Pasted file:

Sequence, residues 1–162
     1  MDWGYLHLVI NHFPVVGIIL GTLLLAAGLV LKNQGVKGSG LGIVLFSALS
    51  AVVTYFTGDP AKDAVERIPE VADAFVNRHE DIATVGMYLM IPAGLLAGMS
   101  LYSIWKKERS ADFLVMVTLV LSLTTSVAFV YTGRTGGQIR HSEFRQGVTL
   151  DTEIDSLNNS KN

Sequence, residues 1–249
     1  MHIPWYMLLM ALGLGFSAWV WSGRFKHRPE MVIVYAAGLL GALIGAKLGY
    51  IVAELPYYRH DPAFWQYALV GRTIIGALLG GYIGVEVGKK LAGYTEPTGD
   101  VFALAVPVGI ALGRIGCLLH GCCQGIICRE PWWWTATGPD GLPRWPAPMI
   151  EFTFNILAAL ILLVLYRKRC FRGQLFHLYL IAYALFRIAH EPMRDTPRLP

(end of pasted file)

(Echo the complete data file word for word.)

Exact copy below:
Sequence, residues 1–162
     1  MDWGYLHLVI NHFPVVGIIL GTLLLAAGLV LKNQGVKGSG LGIVLFSALS
    51  AVVTYFTGDP AKDAVERIPE VADAFVNRHE DIATVGMYLM IPAGLLAGMS
   101  LYSIWKKERS ADFLVMVTLV LSLTTSVAFV YTGRTGGQIR HSEFRQGVTL
   151  DTEIDSLNNS KN

Sequence, residues 1–249
     1  MHIPWYMLLM ALGLGFSAWV WSGRFKHRPE MVIVYAAGLL GALIGAKLGY
    51  IVAELPYYRH DPAFWQYALV GRTIIGALLG GYIGVEVGKK LAGYTEPTGD
   101  VFALAVPVGI ALGRIGCLLH GCCQGIICRE PWWWTATGPD GLPRWPAPMI
   151  EFTFNILAAL ILLVLYRKRC FRGQLFHLYL IAYALFRIAH EPMRDTPRLP